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Why is ‘Consistency’ and ‘Water-to-Plaster Ratio’ Important?

gypsum plaster ratioA basic property of any gypsum plaster is its "normal consistency", or the amount of water required to mix a given amount of plaster to a state of fluidity. Both the gypsum plaster and the water are measured by weight, and the required amounts are expressed as a numerical ratio. A mixture of 1kg of water to 1.5kg of gypsum plaster, for example, can be expressed as 2 parts water to 3 parts plaster, or a 2:3 ratio. Usually, the equation is expressed in terms of 100 parts of plaster. The 2:3 ratio would then become 67:100. When 100 parts of plaster are added to 67 parts of water, the mixture has a particular consistency and this is expressed by the number 67 alone. The number 80 would express the consistency of the mix when 100 parts of plaster are added to 80 parts of water.

 

Consistency

As the number refers to the amount of water used per 100 parts of plaster, the higher the consistency number, the more fluid the mix will be. When less water is used and the mix is therefore less fluid, the setting time and the period of plasticity for the mix are comparatively short. When more water is used and the density of the mix is reduced, the setting time is lengthened.

The consistency affects not only the setting time but the hardness and the compressive strength of the set plaster as well, which in turn correlates closely with resistance to breakage and useful life. The higher the consistency number, that is, the more water required, the softer and weaker the final plaster that results. This is because plaster becomes solid by the formation of tightly interlaced gypsum crystals; as more water is added, these crystals are pushed further apart, thus making for a weaker structure.

A consistency number in the 65 to 85 range indicates that the set plaster will be of medium hardness. U.S. Gypsum rates the consistency values as follows: 94 to 77, soft to medium; 76 to 59, medium to hard; anything less than 58, hard to extra-hard. It is extremely important, therefore, to consider the ultimate use of the plaster mix not only in choosing the type of plaster to use but also in adjusting the water-to-plaster ratio for the chosen plaster. Remembering that as you increase the amount of water you lose hardness and strength in the set plaster, you must decide whether workability (such as carving) or strength (such as longer mould life) is more essential for your purpose.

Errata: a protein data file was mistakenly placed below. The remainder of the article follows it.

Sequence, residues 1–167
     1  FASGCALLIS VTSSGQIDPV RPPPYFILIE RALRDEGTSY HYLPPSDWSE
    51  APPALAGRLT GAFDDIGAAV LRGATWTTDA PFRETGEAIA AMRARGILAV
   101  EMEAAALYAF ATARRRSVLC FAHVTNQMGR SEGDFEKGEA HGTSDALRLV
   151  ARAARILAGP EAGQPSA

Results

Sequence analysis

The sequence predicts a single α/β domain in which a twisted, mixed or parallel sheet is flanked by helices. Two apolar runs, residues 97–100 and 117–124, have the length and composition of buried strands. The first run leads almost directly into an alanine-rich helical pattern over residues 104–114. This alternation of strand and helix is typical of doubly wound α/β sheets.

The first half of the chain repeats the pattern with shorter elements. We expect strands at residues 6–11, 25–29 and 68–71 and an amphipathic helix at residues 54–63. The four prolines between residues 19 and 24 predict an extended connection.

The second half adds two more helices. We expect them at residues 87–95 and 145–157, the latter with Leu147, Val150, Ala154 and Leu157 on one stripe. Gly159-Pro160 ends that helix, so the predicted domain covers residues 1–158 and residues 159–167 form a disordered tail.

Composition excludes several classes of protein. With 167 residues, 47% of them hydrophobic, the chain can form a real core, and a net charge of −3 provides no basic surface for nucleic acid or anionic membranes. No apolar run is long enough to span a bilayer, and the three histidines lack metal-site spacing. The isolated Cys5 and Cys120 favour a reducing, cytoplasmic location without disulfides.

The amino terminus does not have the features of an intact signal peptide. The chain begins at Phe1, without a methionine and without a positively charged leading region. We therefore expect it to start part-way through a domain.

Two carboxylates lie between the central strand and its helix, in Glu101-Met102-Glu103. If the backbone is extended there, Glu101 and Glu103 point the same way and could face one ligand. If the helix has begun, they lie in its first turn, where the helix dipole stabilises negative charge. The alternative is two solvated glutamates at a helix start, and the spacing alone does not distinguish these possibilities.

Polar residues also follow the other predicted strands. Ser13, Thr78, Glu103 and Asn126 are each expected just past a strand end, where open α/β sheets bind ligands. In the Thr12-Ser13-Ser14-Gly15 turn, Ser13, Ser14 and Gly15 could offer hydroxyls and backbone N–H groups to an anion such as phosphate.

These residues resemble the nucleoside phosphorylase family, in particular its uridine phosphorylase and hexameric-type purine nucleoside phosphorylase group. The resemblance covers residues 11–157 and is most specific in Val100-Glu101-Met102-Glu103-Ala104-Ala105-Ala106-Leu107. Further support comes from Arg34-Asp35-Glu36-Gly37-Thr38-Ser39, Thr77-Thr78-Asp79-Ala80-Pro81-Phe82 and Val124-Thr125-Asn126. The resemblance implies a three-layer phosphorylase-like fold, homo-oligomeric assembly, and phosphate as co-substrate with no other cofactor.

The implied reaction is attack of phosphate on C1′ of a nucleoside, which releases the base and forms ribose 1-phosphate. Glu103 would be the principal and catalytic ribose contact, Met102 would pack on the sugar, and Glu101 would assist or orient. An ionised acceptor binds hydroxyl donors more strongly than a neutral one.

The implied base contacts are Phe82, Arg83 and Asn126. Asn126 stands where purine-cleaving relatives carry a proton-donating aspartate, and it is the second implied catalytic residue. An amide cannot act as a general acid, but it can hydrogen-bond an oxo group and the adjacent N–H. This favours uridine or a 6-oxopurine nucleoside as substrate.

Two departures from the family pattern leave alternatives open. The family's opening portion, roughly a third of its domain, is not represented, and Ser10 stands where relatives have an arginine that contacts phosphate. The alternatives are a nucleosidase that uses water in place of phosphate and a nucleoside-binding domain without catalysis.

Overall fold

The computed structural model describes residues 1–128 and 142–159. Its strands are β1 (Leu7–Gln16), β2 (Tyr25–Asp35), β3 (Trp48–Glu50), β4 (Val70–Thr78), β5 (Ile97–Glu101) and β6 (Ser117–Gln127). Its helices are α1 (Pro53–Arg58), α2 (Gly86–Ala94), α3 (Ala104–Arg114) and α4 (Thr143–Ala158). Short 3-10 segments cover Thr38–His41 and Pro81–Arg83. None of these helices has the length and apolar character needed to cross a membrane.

Water-to-plaster ratio

The water-to-plaster ratio is important in another respect as well. When proper proportions are being mixed, the gypsum plaster gradually reaches a creamy state, becoming opaque when seen on the hand or stirrer. It is not thin and watery. When it has reached the opaque stage, it is practically ready to be poured. One can be misled, however, if the water-to-plaster ratio strays too far. If too much plaster is present, the mix will appear to be creamy and opaque in a much shorter time; but when poured it will sit with water on the surface and take an extra-long time to set. This results in a non-homogenous piece - the plaster will be porous on top and hard on the bottom. If too much water is present, the mix will take an extra long time to reach the creamy stage and then, all of a sudden, it will set overly fast. The piece will still have good homogeneity, but the set plaster will be softer than it would have been had the desired ratio been used. In either case, after you have gained experience and have become acquainted with the material, you will achieve a "feel" for the plaster; you will be aware of any imbalance in the mix early enough in the mixing process to remedy it by adding a dash of one or the other ingredient to bring about the balance.

It is advisable, then, to mix several small batches (approximately 1/2kg) of the plaster you have chosen for your particular work, until you have acquired a little of the feel of a proper ratio. Learning to recognize the various stages in setting as the changes occur, the precise consistency to use, and the proper time to pour or shape any particular plaster can best be determined by your own experience with it, since many variables in shop and studio techniques influence the results.